Doctor, I've got this little lump on my arm . . . Relax, that tells me everything
Anjana Ahuja / London Times | July 24 2006
PREDICTIONS have a habit of not coming true. We don’t holiday on Saturn. Jacques Cousteau claimed in the Sixties that we would soon live underwater, using surgically created gills. We still don’t glide to work in personal, airborne pods. Come to think of it, wasn’t it supposed to be leisure, not work, that was 24/7?
But one technology is crawling towards realisation — the idea of human beings being “chipped”, or implanted with a microchip containing personal information. One of America’s largest medical insurance companies is sponsoring a two-year trial in which chronically ill patients will be implanted with a chip containing their medical information.
The chip, inserted in the upper arm, is the size of a grain of rice and will reveal, when scanned, a 16-digit number that links to the patient’s medical records. It could provide all the information needed in an emergency.
Horizon Blue Cross Blue Shield of New Jersey, an insurer, has invited members to participate in the project at Hackensack University Medical Centre. The company hopes that it will “save lives and provide a measure of comfort to our members with chronic conditions and to their families”.
Laudable stuff — but in its wake trail issues of privacy, power and autonomy. Will future patients have to be chipped as a condition of insurance cover? Also, these chips, which can be read through clothing, are RFIDs — radiofrequency identification devices. The signals they emit can be picked up 30ft away without the “chippee” knowing; a delight for stalkers.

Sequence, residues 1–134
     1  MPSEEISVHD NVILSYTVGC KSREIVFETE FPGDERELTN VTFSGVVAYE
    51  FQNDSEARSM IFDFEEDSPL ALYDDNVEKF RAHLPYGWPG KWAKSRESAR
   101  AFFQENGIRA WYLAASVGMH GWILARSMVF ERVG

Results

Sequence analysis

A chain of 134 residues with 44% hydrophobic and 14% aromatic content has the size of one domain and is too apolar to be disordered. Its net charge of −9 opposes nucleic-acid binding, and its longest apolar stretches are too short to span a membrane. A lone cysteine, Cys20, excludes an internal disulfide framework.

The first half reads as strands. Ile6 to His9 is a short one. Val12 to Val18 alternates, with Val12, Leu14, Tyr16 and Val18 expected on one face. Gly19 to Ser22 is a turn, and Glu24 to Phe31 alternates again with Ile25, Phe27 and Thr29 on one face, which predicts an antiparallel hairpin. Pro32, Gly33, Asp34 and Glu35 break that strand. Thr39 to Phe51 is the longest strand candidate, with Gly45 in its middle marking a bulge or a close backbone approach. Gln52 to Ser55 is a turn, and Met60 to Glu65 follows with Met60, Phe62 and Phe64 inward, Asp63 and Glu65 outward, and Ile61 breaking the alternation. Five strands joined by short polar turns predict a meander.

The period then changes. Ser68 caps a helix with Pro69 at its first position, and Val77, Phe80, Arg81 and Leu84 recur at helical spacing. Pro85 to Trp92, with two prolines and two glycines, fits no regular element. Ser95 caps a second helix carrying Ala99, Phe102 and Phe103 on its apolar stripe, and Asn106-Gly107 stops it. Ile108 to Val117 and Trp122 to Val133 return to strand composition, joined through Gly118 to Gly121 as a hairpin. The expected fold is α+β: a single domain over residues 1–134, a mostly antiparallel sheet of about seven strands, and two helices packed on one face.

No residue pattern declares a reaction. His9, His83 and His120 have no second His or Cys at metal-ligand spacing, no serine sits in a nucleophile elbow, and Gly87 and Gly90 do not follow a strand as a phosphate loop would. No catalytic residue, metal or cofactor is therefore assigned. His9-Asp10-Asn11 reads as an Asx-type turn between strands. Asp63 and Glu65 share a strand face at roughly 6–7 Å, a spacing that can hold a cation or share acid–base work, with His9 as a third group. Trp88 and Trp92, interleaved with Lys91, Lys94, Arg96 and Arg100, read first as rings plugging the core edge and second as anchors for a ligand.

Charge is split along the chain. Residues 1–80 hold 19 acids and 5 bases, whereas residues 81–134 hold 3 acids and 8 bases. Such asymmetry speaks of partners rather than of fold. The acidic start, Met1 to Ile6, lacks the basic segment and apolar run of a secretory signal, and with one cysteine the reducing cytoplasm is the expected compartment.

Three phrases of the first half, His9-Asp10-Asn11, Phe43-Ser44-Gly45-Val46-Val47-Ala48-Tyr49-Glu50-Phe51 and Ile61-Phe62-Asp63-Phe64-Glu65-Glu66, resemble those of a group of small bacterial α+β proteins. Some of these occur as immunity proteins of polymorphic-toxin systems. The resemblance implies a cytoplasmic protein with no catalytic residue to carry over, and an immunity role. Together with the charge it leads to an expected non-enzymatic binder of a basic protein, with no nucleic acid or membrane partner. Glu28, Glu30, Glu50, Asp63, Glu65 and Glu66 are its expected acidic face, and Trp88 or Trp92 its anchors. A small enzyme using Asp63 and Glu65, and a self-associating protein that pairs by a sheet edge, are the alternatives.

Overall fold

VeriChip, the company providing the chips, has already seen its products used by anxious parents wishing to track their kids, by employers who want their workers to have keyless access to secure areas and by Hurricane Katrina rescue workers, who chipped unidentified bodies.
Now consider that Scott Silverman, president of Verichip, recently suggested that the US Government use the RFIDs to track migrant workers coming from Mexico. Interestingly, Tommy Thompson, the former US Secretary for Health and Human Services, skipped over to VeriChip’s board after leaving office, and then suggested that every American should be chipped. With ID cards in Britain on the verge of being scrapped, and Home Office hysteria over unwanted visitors, could identity chips take over as the fresh scourge of the civil libertarians?
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